In this short video, I explain a bit more about nerve tensioning and how it is applied in many hatha yoga postures.



In these next three short videos, I show the short introduction and part of the finishing sequence to  all of the Yoga Synergy Sequences developed by my fellow physiotherapist and Yoga Synergy Co-director, Bianca Machliss, which utilise all the main nerve tensioning movements and postures for the upper limbs. These movements help you mobilise the wrists, shoulders, neck and spine in a very effective manner, and help prepare the body for doing the more strenuous practices included later in our sequences such as the salute to the sun movements (that are often done at the start of many common yoga practices). This sequence is explained in full and taught along with a much more comprehensive sequence that can be adapted to any level of practice in our online course ‘Teacher Training Essentials: Yoga Fundamentals’.







Below are some figures  (Figures 9.1-9.8) from our book ‘The Applied Anatomy and Physiology of Yoga’ that show some useful nerve tensioning postures that are often ‘hidden’ in many classical postures. If you click on each of the images you can enlarge them to make them easier to read.


1. Brachial plexus nerve tensioning in hatha yoga
The brachial plexus is tensioned (stretched) with correct positioning of the scapulothoracic (ST) joint and the glenohumeral (GH) joint of the shoulder joint complex.

• The basic stretch of the brachial plexus increases with shoulder (GH) abduction, shoulder (GH) depression and neck contra-lateral flexion.
• There is a possible risk of over-tensioning the brachial plexus in, for example, in the side warrior posture (parsva virabhadrasana) and the side lengthening standing posture (parsvakonasana).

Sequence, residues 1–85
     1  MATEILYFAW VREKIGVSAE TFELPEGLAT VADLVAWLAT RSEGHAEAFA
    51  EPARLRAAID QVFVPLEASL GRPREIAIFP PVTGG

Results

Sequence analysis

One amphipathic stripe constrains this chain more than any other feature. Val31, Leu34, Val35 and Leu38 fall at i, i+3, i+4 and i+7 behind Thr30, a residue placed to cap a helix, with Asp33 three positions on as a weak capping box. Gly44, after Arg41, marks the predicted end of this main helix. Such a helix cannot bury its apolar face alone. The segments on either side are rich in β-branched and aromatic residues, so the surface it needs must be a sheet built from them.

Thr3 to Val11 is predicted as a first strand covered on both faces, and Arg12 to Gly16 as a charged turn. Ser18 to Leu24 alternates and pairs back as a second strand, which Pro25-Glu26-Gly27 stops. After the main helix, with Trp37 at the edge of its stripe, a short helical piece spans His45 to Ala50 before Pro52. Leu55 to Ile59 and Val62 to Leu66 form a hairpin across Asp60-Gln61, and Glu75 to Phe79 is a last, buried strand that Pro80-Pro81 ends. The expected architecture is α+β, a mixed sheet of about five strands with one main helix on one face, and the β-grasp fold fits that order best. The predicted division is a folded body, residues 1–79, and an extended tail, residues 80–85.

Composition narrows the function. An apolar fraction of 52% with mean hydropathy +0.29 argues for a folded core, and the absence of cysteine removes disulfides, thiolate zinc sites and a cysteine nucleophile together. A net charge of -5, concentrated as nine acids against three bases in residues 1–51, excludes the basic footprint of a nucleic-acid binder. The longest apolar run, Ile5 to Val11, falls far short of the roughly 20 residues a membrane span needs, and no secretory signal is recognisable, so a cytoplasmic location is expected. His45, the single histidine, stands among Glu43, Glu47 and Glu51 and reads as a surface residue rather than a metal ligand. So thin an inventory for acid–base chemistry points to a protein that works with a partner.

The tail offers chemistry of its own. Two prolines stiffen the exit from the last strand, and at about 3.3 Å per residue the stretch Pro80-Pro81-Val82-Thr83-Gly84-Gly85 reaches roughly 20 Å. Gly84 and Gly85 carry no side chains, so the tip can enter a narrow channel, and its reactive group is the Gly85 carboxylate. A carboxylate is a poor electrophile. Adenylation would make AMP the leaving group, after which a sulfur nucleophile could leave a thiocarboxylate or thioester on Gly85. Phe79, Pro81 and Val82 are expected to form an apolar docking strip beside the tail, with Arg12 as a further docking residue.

• Other variations of brachial plexus stretches exist for the radial nerve [Figure 9.1], median nerve [Figures 9.2, 9.3] and ulnar nerve [Figures 9.4, 9.5] when the following movements are added to the basic shoulder movements above:

2. Sacral plexus nerve tensioning in hatha yoga [Figure 9.6] • Tensioning of the sciatic nerve increases in intensity with hip flexion, knee extension, ankle dorsiflexion, neck flexion;

• There is a potential risk of over-tensioning (over-stretching) the sciatic nerve in all hamstring stretches;

• Impingement of the sciatic nerve or pain from the sciatic nerve may release and improve with piriformis and gluteal stretches, eg. cross-legged forward bends (adho mukha swastikasana)

3. Femoral nerve nerve tensioning in hatha yoga [Figure 9.7] • Tensioning of the femoral nerve increases in intensity with increasing neck flexion, thoracic flexion and lumbar flexion; hip extension; knee flexion; and ankle plantarflexion (flexion).
• There is a potential risk of over-tensioning (over-stretching) the femoral nerve in all postures that stretch the front of the groin such as supta virasana (lying back between the legs in a kneeling like posture) etc.

4. Spinal cord nerve tensioning in hatha yoga [Figures 9.6a & 6c] • Tensioning of the spinal cord increases in intensity with spinal flexion (i.e. cervical, thoracic, and lumbar flexion) and traction , hip flexion, knee extension and ankle dorsiflexion;
• There is a potential risk of over-tensioning (over-stretching) the spinal cord in halasana (plough posture) [Figure 9.6a], uttanasana (standing straight legged forward bend) pascimottanasana (seated straight legged forward bend) [Figure 9.6c], etc.

5. Vagus nerve nerve tensioning in hatha yoga [Figure 9.8] Tensioning of the vagus nerve increases in intensity with cervical spine flexion and head extension;

Possible risk of over-stretch in urdhva mukha svanasana (up-dog pose), bhujangasana (cobra pose), and other poses which incorporate the stretching of the anterior (front) of the neck as for tha-jalandhara bandha].